A Mini-M.F.A. in the Psychology of Character

Metal sculpture of modernistic man on horseback dividing his patterned metal cloak with man on the ground.
How do you know what your hero is capable of? A modernistic St. Martin cuts his cloak in half to share with a poor man. Mainz, Germany.

This week, I’m over at The Winged Pen, writing about the The Negative Trait Thesaurus and The Positive Trait Thesaurus along with my penfellow, Rebecca J. Allen, who’s writing about The Emotion Thesaurus.

All the Thesaurus flurry is in honor of Angela Ackerman’s and Becca Puglisi’s newest volumes, The Urban Setting Thesaurus and The Rural Setting Thesaurus.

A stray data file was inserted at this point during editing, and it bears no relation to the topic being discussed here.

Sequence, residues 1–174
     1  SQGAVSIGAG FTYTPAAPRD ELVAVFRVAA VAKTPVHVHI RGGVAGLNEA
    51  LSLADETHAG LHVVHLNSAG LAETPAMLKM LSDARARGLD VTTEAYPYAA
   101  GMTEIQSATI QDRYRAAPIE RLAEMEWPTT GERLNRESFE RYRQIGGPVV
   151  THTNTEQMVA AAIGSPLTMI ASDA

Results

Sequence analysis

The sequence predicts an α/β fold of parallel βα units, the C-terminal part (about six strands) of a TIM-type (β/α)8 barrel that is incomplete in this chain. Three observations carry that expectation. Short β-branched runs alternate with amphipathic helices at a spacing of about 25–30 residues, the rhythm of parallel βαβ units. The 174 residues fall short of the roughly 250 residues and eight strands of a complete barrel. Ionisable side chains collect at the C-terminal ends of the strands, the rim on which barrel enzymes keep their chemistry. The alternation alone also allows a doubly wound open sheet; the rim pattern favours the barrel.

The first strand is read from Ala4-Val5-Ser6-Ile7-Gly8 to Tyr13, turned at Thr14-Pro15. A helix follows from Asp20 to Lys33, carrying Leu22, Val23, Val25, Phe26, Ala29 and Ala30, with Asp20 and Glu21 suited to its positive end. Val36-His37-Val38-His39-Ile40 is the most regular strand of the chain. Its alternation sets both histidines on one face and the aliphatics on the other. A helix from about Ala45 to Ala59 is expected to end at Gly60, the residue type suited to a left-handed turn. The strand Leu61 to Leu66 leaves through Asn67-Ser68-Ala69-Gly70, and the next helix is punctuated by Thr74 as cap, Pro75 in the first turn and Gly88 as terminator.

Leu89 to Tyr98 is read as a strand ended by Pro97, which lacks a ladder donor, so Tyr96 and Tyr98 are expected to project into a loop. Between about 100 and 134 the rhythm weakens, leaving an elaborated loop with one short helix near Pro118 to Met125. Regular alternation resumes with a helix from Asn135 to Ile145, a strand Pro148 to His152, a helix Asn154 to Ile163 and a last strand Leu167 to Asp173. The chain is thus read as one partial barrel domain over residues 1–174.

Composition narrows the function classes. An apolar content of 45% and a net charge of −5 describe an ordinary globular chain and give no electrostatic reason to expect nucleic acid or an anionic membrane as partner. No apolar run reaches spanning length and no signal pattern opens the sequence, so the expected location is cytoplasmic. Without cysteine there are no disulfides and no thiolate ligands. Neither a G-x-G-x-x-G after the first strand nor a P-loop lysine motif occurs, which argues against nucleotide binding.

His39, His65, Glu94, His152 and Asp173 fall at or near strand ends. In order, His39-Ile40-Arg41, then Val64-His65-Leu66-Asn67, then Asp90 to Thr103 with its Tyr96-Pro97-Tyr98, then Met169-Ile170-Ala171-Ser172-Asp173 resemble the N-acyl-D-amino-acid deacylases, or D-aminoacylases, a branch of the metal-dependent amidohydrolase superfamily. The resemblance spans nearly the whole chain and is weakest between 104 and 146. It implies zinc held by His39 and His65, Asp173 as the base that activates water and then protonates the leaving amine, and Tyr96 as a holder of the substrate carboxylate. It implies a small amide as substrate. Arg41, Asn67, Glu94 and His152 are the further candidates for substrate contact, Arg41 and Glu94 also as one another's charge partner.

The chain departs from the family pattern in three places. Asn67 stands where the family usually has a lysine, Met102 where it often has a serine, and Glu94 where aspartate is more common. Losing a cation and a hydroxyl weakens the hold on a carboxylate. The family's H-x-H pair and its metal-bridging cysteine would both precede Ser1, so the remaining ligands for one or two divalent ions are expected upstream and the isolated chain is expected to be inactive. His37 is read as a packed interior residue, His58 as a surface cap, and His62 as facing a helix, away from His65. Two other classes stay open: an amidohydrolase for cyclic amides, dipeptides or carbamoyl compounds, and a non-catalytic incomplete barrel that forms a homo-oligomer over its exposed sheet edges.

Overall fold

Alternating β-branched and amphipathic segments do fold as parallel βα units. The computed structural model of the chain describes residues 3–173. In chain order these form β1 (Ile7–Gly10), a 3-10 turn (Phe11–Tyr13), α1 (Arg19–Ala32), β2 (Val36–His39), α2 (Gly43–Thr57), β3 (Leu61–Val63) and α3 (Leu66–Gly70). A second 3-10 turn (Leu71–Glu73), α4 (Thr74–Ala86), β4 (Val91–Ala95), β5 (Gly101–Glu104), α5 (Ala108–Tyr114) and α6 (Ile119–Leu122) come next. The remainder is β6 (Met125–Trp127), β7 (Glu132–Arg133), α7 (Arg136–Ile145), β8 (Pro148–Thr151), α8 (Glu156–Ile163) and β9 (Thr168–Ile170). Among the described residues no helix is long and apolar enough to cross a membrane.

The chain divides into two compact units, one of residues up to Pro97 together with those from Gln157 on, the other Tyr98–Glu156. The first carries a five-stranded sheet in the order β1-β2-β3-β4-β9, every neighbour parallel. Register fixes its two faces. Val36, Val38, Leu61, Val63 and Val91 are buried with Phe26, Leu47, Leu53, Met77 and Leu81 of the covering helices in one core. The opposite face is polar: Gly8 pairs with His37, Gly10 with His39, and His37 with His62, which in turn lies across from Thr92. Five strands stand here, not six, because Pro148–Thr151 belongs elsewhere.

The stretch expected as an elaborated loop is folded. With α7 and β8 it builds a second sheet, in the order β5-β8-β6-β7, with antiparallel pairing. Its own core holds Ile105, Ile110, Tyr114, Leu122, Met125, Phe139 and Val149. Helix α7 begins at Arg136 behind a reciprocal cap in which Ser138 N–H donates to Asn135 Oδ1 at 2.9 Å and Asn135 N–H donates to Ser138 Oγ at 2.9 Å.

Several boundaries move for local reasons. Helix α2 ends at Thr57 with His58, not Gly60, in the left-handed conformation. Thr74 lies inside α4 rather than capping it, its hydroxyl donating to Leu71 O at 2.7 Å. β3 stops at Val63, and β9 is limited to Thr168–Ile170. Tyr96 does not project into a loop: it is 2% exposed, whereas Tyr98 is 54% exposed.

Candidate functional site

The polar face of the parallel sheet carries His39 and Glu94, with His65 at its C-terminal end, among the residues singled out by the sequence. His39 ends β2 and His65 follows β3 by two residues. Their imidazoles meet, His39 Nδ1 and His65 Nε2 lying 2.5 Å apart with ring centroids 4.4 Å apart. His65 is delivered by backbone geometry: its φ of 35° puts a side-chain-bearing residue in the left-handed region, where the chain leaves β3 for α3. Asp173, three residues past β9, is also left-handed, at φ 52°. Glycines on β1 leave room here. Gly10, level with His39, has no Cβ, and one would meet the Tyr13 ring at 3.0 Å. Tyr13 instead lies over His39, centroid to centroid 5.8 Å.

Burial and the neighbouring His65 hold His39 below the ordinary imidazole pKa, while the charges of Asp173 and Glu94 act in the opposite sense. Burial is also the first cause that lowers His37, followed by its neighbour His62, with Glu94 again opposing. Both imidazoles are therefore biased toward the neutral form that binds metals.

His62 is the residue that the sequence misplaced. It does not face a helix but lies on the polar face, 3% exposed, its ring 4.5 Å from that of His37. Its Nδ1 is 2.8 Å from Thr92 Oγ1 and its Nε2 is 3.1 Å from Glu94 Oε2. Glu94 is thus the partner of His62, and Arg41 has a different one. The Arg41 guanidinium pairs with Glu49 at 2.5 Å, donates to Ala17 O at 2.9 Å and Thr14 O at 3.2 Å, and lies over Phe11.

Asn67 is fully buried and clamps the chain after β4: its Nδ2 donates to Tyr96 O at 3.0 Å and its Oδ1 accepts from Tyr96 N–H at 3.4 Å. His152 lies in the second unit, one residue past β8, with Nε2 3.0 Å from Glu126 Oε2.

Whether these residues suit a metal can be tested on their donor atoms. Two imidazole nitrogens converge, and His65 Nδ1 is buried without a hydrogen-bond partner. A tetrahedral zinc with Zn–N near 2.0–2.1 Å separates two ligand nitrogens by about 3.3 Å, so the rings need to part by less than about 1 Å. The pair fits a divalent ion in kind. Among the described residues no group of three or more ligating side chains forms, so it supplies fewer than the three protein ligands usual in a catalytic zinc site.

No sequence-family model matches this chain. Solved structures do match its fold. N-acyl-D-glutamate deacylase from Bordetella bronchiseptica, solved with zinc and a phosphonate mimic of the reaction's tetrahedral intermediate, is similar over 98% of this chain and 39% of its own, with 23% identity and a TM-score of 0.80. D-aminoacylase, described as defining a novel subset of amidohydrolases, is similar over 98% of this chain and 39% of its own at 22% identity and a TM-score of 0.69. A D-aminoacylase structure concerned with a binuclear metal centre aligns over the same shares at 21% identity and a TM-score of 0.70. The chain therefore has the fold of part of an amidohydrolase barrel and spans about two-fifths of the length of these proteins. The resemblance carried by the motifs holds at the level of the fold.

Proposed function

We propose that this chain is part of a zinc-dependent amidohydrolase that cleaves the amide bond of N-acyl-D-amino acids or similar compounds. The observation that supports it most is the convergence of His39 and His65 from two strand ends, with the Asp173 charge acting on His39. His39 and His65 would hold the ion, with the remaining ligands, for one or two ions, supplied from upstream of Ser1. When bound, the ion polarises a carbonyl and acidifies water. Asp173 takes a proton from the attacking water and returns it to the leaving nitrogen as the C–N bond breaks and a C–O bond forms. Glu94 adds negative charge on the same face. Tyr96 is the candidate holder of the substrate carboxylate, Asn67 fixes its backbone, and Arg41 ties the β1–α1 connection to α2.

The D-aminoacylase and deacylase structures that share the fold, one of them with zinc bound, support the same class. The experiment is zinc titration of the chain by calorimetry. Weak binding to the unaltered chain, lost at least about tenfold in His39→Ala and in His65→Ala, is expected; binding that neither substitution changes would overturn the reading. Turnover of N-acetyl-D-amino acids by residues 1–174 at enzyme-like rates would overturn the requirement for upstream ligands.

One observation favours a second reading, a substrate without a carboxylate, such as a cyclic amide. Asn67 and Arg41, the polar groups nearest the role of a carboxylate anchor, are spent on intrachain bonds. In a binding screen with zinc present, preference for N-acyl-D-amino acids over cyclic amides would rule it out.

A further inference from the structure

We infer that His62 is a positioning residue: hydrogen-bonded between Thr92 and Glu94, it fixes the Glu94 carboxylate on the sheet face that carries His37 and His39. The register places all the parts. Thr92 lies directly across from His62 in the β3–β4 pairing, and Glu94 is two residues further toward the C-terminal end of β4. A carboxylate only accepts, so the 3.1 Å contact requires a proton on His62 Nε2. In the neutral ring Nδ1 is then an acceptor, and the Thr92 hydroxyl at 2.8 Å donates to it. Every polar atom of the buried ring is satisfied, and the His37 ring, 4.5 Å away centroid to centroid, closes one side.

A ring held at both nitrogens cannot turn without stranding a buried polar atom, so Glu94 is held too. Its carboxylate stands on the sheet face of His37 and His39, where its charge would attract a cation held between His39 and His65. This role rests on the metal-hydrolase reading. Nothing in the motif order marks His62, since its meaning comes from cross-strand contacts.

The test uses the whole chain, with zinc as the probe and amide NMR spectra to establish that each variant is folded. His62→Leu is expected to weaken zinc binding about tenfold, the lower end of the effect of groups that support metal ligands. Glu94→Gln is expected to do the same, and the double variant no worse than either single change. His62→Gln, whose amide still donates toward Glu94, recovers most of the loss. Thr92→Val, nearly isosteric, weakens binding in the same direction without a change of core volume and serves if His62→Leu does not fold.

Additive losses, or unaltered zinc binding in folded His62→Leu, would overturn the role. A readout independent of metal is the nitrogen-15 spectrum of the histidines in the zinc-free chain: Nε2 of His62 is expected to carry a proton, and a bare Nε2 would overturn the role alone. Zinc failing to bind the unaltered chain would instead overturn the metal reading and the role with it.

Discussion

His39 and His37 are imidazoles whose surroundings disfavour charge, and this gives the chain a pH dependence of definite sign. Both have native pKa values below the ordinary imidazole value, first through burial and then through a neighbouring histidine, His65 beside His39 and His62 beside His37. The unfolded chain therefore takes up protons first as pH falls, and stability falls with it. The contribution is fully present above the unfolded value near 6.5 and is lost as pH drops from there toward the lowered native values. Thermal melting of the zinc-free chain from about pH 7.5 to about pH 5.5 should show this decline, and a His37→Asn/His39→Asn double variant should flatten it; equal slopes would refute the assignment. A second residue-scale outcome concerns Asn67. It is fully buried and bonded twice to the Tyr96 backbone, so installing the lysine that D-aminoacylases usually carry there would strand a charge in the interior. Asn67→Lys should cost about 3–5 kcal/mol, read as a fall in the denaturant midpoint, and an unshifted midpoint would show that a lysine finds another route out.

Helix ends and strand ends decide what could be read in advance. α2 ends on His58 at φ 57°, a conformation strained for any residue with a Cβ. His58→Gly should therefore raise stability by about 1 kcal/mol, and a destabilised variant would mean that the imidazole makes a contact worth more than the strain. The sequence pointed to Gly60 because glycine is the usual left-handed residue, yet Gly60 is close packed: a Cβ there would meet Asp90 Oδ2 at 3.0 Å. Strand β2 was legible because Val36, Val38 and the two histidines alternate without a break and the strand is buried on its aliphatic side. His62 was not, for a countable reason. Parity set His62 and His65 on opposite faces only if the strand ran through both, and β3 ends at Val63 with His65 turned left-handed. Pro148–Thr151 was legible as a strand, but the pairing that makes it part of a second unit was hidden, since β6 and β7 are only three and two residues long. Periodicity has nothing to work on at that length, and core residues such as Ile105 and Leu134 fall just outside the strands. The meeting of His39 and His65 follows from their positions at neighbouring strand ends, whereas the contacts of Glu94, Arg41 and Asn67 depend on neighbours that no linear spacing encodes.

I have two more reasons to like these these books that I couldn’t cover at The Winged Pen, so I share them with you here:

  1. A lot of practical story theory in a small space. The Foreword for The Negative Trait Thesaurus, written by Carolyn Kaufman, Phys. D., and the introductory chapters that follow are full of insights that will get you writing. They cover character-building, villains, how to reveal flaws, and suggestions for how to deal with difficulties. This is really a mini-M.F.A. in character psychology.
  2. Deepen your fiction and make compelling and original characters. The introductory chapters for The Positive Trait Thesaurus cover how characters “worth rooting for” are the “ultimate hook,” how positive traits relate to character arc and how they develop.

Read more at The Winged Pen.

Happy writing!

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